Looking for the good in the world and ignoring the stares and whispers

Acknowledging the goodness of humanity helps balance out the negativity

Jamie Askari avatar

by Jamie Askari |

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It was a beautiful summer night in northeastern Ohio; the sun was setting, and a warm evening breeze drifted in from Lake Erie. We had spent the last few hours watching our son, Jake, play baseball. As parents, our favorite activity was watching our kids enjoying their respective hobbies.

As we carried our foldable chairs toward the car, one of Jake’s neighborhood friends walked next to my husband, Arman, who was diagnosed in 2009 with early-onset Parkinson’s disease at the age of 38. He started kicking his leg into the air as he walked, just like Arman. The kids were around 7 years old at the time.

“Why are you walking that way?” I asked.

“I’m walking like a soldier, just like Arman!” he replied.

This was such a refreshing and innocent comment, and it was probably the first time Arman didn’t feel self-conscious or uncomfortable with his leg kick. He had a small fan club in our neighbor!

Before Arman had deep brain stimulation surgery, his left leg would kick high into the air as he walked. When seated, that same leg would move around uncontrollably. His body was in constant motion due to the side effects of his medications. When he was in an “off” state and his medications were wearing off, his legs tended to calm down and give him a break from the exhausting and uncontrollable movements. Arman lost a significant amount of weight, and it was like he was constantly exercising during his waking hours.

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Teaching kindness

When your body is out of your control and you don’t look “normal,” it generates a lot of unwanted stares and whispers from strangers. They aren’t doing this to make us feel bad or uncomfortable; they are genuinely unaware and uneducated about why it is happening. People often assume Arman is drunk or on drugs because they don’t understand Parkinson’s disease and its effects.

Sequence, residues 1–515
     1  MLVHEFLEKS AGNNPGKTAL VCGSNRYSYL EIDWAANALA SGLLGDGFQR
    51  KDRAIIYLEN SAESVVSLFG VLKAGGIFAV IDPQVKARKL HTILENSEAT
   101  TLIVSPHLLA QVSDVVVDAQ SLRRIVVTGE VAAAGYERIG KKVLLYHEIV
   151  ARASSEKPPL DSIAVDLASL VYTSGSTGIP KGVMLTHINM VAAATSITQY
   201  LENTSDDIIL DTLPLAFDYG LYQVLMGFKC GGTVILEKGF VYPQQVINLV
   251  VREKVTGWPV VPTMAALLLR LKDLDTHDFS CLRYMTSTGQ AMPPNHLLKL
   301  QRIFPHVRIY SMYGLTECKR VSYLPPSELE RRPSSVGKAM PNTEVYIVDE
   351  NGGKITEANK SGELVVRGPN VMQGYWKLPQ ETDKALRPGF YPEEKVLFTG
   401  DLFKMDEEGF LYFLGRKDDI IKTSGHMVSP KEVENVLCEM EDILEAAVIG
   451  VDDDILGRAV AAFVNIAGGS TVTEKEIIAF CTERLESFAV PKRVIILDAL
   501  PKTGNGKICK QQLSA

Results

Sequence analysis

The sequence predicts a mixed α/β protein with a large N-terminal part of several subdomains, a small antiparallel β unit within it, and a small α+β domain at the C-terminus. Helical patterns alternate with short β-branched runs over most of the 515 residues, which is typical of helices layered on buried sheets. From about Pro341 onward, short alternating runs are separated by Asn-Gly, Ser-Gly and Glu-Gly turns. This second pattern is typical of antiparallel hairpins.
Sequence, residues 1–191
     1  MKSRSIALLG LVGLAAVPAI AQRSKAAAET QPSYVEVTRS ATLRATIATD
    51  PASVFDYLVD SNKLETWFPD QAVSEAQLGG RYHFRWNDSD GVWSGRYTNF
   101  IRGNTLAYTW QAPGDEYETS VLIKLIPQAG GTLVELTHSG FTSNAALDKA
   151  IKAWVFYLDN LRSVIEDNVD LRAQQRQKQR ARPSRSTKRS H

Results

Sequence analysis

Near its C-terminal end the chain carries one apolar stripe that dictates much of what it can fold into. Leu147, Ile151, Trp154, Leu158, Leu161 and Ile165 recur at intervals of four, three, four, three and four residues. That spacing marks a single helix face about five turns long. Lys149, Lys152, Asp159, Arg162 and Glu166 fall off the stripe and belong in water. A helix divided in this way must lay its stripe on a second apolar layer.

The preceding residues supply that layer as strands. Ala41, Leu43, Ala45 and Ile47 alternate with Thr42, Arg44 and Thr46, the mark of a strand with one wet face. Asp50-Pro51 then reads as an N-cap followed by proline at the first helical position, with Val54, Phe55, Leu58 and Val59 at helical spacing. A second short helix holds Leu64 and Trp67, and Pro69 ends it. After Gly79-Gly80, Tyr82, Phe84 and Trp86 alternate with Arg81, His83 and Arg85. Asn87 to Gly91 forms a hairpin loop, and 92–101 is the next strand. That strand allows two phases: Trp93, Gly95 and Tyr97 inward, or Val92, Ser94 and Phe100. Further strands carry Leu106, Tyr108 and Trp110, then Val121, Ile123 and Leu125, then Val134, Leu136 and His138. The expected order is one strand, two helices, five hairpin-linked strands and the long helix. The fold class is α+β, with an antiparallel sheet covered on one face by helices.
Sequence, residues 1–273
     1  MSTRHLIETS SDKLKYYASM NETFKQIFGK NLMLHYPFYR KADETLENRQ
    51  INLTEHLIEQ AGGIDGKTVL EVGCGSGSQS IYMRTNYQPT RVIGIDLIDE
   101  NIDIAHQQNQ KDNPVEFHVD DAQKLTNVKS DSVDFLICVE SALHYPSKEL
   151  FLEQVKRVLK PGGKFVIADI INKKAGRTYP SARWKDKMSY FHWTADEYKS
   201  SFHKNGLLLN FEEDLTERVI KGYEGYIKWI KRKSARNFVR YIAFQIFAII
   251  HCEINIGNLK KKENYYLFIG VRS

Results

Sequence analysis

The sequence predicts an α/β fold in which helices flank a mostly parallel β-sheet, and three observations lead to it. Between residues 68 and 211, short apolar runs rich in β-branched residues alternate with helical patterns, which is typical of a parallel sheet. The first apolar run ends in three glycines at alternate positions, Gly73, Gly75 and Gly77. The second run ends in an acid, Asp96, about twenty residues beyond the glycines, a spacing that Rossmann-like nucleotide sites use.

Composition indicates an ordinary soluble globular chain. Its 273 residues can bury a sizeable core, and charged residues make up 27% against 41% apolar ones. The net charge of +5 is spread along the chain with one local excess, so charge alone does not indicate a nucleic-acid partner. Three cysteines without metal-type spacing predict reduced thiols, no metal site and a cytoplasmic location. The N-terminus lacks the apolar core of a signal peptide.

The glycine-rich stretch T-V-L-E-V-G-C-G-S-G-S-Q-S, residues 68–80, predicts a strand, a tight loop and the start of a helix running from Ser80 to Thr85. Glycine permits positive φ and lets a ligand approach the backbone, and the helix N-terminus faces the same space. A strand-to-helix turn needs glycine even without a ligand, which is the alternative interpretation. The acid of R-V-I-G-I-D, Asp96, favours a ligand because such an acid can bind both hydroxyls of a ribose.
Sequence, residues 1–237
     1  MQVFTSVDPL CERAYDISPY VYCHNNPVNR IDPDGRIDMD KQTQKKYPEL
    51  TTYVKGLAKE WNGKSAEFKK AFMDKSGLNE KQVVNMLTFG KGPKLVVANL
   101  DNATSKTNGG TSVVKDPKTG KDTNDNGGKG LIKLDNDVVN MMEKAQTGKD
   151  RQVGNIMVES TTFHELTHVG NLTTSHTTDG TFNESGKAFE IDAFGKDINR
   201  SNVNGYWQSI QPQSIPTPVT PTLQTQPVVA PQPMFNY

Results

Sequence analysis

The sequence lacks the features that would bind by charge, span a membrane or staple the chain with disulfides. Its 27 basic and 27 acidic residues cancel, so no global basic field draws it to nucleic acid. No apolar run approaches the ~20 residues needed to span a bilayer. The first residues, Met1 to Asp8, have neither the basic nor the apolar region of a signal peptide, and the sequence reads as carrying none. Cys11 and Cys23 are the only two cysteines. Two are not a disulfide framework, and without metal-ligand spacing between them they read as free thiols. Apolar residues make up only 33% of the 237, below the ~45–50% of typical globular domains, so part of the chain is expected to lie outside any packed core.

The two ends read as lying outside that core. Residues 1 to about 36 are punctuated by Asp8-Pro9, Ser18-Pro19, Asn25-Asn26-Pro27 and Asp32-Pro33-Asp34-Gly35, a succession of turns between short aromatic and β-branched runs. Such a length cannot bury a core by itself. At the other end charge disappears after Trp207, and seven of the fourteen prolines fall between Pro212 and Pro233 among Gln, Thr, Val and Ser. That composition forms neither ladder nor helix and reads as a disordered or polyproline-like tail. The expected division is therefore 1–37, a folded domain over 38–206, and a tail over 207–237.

Over the years, we grew accustomed to the stares and whispers and almost began to expect it. It was definitely harder on our kids than it was on us. They felt overprotective of their dad, and it was devastating to them when strangers were unkind. But, always looking on the bright side, we used each unpleasant situation as a teachable parenting moment, encouraged them to see all humankind through the same lens, and reminded them to always be the first to offer a helping hand to anyone in need. As a result, our three children have grown into extraordinarily empathic and genuinely kind adults.

But there was also something we didn’t expect: We started to notice that there were often kind strangers eager to help us. Many people offer to hold the door or lend a helping hand. They notice that we may be struggling and go out of their way to be kind. It has been refreshing to see how kind our world can be.

We have consciously decided to focus on the kindness we have experienced instead of our unpleasant encounters. Instead of worrying about the stares and the whispers, it is best for us to look to the good in the world. Any act of kindness, big or small, is enough to compensate for any negativity we have experienced.

Note: Parkinson’s News Today is strictly a news and information website about the disease. It does not provide medical advice, diagnosis, or treatment. This content is not intended to be a substitute for professional medical advice, diagnosis, or treatment. Always seek the advice of your physician or another qualified health provider with any questions you may have regarding a medical condition. Never disregard professional medical advice or delay in seeking it because of something you have read on this website. The opinions expressed in this column are not those of Parkinson’s News Today or its parent company, BioNews, and are intended to spark discussion about issues pertaining to Parkinson’s disease.


Richard S Boynton avatar

Richard S Boynton

My wife and I both have Parkinson's. She has the Lewy Body version and I have early stage regular Parkinson's. My wife has hand tremors and my feet are constantly vibrating. My wife keeps her hands under the table so people don't stare at her, but we are very open with our friends about our condition and they are extremely nice to us. A little kid asked his mother why I walk like a penguin. The mother was embarrassed but I was OK about it and explained the reason to this kid. The next thing I knew, he was walking like I did, so I had made a new friend.

Jamie Askari avatar

Jamie Askari

That is adorable that he did your "penguin walk"! I love that you were able to explain why you walk that way; great learning for that young child. It is wonderful that you have a support system with your friends; having great friends in your corner is so important. Thank you for reading!


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